Green Party leader Eamon Ryan has called for more investment in infrastructure for cycling and walking once the coronavirus emergency ends.
The Green Party is seeking 17 commitments from Fianna Fail and Fine Gael before entering any formal negotiations.
Mr Ryan said a pledge to cut greenhouse gas emissions by at least 7% and addressing the climate and biodiversity crisis was “a red line” for the party.
“In terms of that broad biggest project that we think needs to be taken on, is absolutely a broad red line.”
Changing the system as we come out of the crash is what we aim to do.Eamon Ryan
Speaking to RTE radio, Mr Ryan said the party wants to see 20% of transport infrastructure funding to be spent on cycling and walking.
He said: “That funding will come from a move away from spending so much on new road projects. We should be investing in proper public transport and better infrastructure for walking.”
“We need to use this crisis and use what is happening now with people working from home and working online… we should keep some of that so perhaps we don’t end up with long commutes and people sitting in traffic for hours.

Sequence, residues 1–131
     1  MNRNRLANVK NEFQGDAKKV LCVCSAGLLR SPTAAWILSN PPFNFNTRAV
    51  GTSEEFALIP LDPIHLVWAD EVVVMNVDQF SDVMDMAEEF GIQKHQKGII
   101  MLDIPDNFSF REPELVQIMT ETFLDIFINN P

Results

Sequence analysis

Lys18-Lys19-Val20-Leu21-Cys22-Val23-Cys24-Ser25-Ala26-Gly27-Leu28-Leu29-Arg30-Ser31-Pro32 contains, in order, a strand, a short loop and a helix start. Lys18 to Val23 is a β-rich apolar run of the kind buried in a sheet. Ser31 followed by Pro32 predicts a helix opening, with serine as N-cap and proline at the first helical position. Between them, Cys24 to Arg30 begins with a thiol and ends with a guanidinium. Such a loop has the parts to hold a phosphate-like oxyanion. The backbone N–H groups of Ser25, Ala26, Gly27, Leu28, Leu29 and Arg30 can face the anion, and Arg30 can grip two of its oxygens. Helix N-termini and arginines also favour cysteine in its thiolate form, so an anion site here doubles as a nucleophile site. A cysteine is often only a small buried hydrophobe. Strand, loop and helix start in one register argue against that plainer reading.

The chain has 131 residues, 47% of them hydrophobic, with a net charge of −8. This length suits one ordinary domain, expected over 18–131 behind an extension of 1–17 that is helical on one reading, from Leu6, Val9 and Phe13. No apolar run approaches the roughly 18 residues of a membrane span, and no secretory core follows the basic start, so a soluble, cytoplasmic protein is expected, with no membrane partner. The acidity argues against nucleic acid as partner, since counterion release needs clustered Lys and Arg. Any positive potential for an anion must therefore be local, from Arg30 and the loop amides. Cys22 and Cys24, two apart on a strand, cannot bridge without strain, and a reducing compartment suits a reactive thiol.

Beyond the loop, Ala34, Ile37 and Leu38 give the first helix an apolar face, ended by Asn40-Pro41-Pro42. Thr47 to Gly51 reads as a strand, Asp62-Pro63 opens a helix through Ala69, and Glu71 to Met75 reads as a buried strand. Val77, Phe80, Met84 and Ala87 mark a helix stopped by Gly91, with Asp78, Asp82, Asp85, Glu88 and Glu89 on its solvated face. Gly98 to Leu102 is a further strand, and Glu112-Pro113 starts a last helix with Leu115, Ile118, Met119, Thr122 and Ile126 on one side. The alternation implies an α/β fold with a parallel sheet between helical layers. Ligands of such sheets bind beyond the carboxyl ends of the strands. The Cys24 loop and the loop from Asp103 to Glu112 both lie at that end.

“Changing the system as we come out of the crash is what we aim to do. The Fianna Fail and Fine Gael document mentioned a lot of that. We want specifics on that scale of ambition and how we will do it.”
Meanwhile, independent TD Denis Naughten has hit out at the Green Party’s demands and said it is not practical “to talk about everyone walking to work”.
A coalition government between Fine Gael, Fianna Fail and one of the smaller parties may also require the support of a number of independent TDs.
Mr Naughten told RTE radio: “If we slaughtered every single animal in this country we would still not achieve the five-year target that the Greens are setting out here – that’s the type of scale that they’re talking about and it is not possible to do that in a very short period of time, and we need to look practically at the type of measures and changes that need to take place.
“There has to be a very different economy now, there’s no doubt about that, and there’s huge opportunities for people to work from home and reduce significantly their transport emissions, but it’s not practical to talk about everyone walking to work.”